Liam Dean can’t wait to get started
Growing up in Bidyadanga, a remote community, 2 hours south of Broome, has been an adventure for 17 year-old Liam Dean. Mud crabbing, fishing and keeping bees have kept Liam busy when he’s not at school.
Liam’s life is surrounded by strong women; his sisters, nieces, mother and aunties. In fact, at home, 20kms outside of Bidyadanga, Liam is the only man living amongst a posy of women, sometimes more than ten at a time.
“I don’t mind it, I just have to ignore them most of the time,” he says cheekily. Whilst he admits this, when he gets out of the car and interacts with his sisters and their babies, straight away you see this is not the case. He is a mature, caring, responsible young man who has a natural rapport with women.
His grandfather bought the small block of land and the house where Liam and his family live, just before he passed. The block sits on Fraser Downs an old cattle station. The station is now owned by the Traditional Owners, now owned by the Karrajarri people.
When you travel along the 20km red pindan track from the remote community of Bidyadanga to Liam’s family block, it’s obvious why he loves living out here. Nestled amongst three large mango trees is a small house, with several homemade extensions. Three women greet Liam, two with young babies as he gets out of the vehicle. Liam is teased by the women, who are his sisters and immediately relieves one of them of her baby.
“I love living here. My grandfather bought it. I don’t know all the details but the paperwork is all there.” One day I will buy my own bloke closer to the coast.” Liam already has aspirations for his future. First of all, he knows he must finish high school.
Liam left home for several years for schooling. For years 9 and 10 he was in Darwin with his brother and prior to that, he was at Broome Senior High School.
He chose to come back to Bidyadanga to finish school and be close to his family. “You know it’s strange but it was really remote going to school in Darwin. There were lots of boys there but the kids all stuck together, the WA mob, the NT mob, the Queenslanders…” he reveals.
Since returning home to finish his final schooling years at La Grange Community School Liam has had some family problems. In Bidyadanga, his school attendance was slipping and his future aspirations fell to the wayside. It wasn’t until his elder brother Ben committed suicide that Liam decided to turn this around.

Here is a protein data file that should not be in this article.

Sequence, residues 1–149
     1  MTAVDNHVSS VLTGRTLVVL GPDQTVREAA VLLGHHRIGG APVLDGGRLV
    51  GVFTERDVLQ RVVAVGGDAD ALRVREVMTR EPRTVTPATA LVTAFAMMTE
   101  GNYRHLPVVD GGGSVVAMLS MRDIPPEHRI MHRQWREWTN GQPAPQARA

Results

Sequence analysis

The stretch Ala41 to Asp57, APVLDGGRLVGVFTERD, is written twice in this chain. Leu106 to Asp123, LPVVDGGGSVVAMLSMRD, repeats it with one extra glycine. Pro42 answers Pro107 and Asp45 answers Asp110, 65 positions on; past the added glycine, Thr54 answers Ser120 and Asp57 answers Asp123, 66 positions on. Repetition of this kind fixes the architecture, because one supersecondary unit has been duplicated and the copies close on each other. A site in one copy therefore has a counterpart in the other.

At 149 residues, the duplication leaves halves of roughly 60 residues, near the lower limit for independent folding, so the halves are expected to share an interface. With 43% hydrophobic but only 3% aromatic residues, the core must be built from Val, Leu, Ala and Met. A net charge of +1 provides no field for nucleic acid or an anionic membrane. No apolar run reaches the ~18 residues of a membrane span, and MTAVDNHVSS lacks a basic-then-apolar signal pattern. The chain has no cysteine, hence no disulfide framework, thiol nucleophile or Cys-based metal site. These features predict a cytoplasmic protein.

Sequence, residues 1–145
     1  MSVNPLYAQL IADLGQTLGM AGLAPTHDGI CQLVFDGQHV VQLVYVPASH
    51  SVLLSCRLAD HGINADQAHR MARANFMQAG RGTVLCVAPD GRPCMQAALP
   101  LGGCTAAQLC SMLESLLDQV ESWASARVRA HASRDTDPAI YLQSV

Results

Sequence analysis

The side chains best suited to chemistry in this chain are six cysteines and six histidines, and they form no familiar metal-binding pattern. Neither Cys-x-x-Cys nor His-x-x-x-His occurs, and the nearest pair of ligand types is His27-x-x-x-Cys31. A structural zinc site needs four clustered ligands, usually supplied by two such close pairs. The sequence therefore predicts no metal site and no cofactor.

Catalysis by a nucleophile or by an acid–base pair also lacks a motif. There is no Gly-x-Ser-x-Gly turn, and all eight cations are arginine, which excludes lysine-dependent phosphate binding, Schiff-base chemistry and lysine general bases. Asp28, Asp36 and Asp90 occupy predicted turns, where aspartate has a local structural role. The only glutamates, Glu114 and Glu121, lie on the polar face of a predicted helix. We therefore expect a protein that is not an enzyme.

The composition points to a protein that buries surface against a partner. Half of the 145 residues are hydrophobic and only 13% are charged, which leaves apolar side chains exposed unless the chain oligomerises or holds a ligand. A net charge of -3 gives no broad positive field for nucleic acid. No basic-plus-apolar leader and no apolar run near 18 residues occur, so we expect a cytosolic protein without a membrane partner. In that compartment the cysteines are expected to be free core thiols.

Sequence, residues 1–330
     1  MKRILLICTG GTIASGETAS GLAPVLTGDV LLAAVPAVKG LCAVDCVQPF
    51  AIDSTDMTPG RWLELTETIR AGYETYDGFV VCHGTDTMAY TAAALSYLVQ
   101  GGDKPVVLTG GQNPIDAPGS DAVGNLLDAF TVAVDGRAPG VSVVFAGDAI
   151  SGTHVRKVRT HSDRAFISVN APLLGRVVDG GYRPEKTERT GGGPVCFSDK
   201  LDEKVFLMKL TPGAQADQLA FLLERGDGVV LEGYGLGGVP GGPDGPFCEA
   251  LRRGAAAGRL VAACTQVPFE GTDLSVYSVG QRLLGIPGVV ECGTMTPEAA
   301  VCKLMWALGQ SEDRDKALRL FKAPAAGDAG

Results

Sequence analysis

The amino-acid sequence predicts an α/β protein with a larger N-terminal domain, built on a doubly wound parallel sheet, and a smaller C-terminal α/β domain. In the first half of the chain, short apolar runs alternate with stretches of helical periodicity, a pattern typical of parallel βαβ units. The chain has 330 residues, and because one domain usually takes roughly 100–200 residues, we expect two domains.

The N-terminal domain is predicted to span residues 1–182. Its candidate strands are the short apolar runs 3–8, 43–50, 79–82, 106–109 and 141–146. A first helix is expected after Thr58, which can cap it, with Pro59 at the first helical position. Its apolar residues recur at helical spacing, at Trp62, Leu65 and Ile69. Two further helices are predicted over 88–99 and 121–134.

Liam talks freely and passionately about his brother and their close relationship. “He was really smart, perhaps too smart for here. He got straight As for everything; you wouldn’t think it by looking at him. He was athletic and sporty, not like me. I look like the nerdy one with my freckles and I get C’s.”
Having to grow up quickly and look after his family, Liam decided at that point, he didn't want to go down the same pathway as his brother. After his brother’s suicide, Liam took control of his life. He saw his own potential and acted on it. With the help of his schoolteacher Mrs. Wright, he sought out an apprenticeship with a local Broome employer, Brolga Developments and Construction.
Liam has always wanted to build his own place and have the skills to fix things around the house for his sisters and mother. Through the school he arranged a carpentry apprenticeship, based on two days a week. With Brolga and their commitment to ensuring he has the right mentoring and on-the-job training, Liam will be a carpenter in 3 years. During this time, he will have the opportunity to work with other Indigenous apprentices delivering Government contracts for remote housing throughout the Kimberley.
Liam is impatient to start, “I just want to get started now,” he says. For the past year he has pursued the apprenticeship, Liam has been gaining valuable work experience. Whilst the system has failed him in recording his hours, Liam has not given up and is now officially on the pay roll.
Having support from his employer is important. Andy Grieg, Liam’s manager and mentor at Brolga says, “I’m sure Liam’s future is now in his own hands. After having been given as much love and encouragement from home as is well evident, as his employer the contractual obligation is to train Liam to be the best carpenter he can possibly be and our moral obligation is to provide the opportunity for a sustainable career and interaction with another culture in a non-threatening environment. We welcome Liam and the opportunity to be a good example.”
Liam will graduate year twelve in October this year. He already has the security of a real job.
To find out more about the skills and training required for an apprenticeship in carpentry, contact your local Tafe.